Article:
For employees on its own payroll, the district says that medical and other benefits increase compensation costs 40% above base salaries. So if the district had employed its construction staff directly, the total cost for the period studied would have been $25 million instead of $40 million, a savings of $15 million, The Times calculated.

Nearly every contractor with a stake in the system refused to discuss it.

“I don’t think we need to answer your questions,” Brook Gness, business manager for TBI, told a reporter who visited the company’s small office suite in a Wilshire Boulevard skyscraper.

TBI’s genesis


TBI’s name derives from the first initials of its founders: Tarek “Rick” Hijazi, Bassam Raslan and Ivan Kesian.

All three were construction supervisors at the Los Angeles Unified School District when they started the company in 2002 to supply project managers for L.A. Unified’s $20-billion building program.

Kesian told a county grand jury last year that Raslan and Hijazi gave their wives majority ownership of the business because it is easier to get government work “if you’re a woman-owned business or a minority-owned business.”

Raslan pleaded guilty in December to a misdemeanor conflict-of-interest charge for steering L.A. Unified construction jobs to TBI. In return, the district attorney’s office dropped eight felony charges. A judge vacated the misdemeanor conviction in January after Raslan paid $250,000 in restitution and performed 200 hours of community service.


None of this affected TBI’s participation in the college construction program, where it has been a subcontractor since 2007.

The firm has served as the employer of record for 28 people on the program.

Marshall, who went on TBI’s payroll in 2009, said she set foot in its office just once or twice, to drop off time sheets or a tax withholding form. She worked at the district’s construction headquarters and answered to Eisenberg.

Her activities included meeting a Fox Studios official for lunch to pitch a speaking appearance for Eisenberg and accompanying him to a banquet at the Jonathan Club in downtown L.A., where the district received a Leonardo Award from the Society for Marketing Professional Services, records show.


Once a month, Marshall sent her time sheets to TBI, billing $100 an hour, records show. TBI and URS added markups that raised the rate to $171, and then URS sent a final bill to the district, records show.

This pattern was repeated over and over with other staff members and other subcontractors, usually with bigger markups.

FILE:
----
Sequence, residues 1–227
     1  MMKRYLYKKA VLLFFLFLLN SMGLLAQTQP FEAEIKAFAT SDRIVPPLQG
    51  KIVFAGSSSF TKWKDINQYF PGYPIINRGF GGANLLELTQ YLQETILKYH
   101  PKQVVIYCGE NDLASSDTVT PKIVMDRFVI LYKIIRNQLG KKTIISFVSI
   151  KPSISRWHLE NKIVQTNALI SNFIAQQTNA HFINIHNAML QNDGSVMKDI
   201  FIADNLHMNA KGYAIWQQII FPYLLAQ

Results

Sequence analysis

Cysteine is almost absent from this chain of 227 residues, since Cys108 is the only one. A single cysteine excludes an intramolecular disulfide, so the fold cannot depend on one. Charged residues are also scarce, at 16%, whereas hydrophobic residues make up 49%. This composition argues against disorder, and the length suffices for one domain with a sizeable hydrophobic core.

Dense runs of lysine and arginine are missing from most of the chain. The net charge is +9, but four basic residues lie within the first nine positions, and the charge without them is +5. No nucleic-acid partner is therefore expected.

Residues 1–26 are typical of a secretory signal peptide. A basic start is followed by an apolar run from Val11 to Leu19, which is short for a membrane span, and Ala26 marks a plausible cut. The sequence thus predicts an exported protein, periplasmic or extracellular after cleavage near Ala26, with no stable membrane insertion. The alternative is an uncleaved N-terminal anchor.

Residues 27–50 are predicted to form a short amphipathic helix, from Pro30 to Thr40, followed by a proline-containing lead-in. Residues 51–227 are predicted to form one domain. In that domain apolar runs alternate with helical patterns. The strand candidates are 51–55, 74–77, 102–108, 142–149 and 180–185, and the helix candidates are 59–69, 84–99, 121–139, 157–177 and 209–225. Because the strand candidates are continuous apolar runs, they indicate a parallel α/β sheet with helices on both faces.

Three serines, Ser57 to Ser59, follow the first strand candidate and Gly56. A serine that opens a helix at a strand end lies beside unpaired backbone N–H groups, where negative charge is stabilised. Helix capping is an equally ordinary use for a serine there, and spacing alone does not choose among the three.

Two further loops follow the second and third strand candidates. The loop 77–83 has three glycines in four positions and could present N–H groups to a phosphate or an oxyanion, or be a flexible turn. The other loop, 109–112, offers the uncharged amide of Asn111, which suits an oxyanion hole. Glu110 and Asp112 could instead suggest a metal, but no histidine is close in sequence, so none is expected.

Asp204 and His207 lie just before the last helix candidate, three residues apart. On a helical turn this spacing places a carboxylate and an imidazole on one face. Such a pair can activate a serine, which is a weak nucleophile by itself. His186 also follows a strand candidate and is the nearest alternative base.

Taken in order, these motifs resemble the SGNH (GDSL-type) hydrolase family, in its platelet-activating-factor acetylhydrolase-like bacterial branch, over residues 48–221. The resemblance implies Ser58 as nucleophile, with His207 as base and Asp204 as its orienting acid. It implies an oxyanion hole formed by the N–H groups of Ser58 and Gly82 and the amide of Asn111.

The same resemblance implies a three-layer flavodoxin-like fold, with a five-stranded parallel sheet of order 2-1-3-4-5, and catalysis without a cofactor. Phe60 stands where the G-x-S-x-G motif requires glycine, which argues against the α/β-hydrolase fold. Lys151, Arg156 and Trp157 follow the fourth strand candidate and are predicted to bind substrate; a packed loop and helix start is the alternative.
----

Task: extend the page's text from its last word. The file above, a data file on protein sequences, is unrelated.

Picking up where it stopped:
Amy Yeager, a former aide to Los Angeles City Councilman Jose Huizar, sought grants for the college district in Sacramento and Washington, D.C. She was paid $115,000 a year, but her work cost taxpayers $305,000 a year once URS and subcontractor SASM Consulting collected overhead and profit, records show.

A niece and a nephew of district trustee Sylvia Scott-Hayes also found jobs on the program. The niece, Monica Ramirez, was hired as a project coordinator in 2009. Records show that the district authorized a subcontractor, ECM Group, to pay her at an annual rate of $65,000 to start and that markups for ECM and another contractor pushed the total cost to $179,000 a year.


The trustee’s nephew, Rick Ramirez, was paid $100,000 over 20 months in a public relations job, records show. After his employer, Seville Construction Services, and URS added markups, it cost taxpayers $292,000 to employ him, according to the records.

Wage surcharge

It is common for government agencies to hire private contractors to supervise big construction projects. When billing the client, the contractors often add a surcharge to employee wages.

The system is supposed to serve the interests of both parties: Construction management firms recoup their overhead expenses and earn a profit, and the client benefits from the resources and expertise they bring to the job.


Most of the $500 million that the college district is spending on construction management fits this description. Companies draw from staff already on their payrolls to provide seasoned managers who ride herd on builders to make sure projects meet design specifications and are finished on time and within budget.

But the district broke from standard public contracting practice by hiring additional staff members and inviting politically wired firms to employ them on paper and add markups to their pay.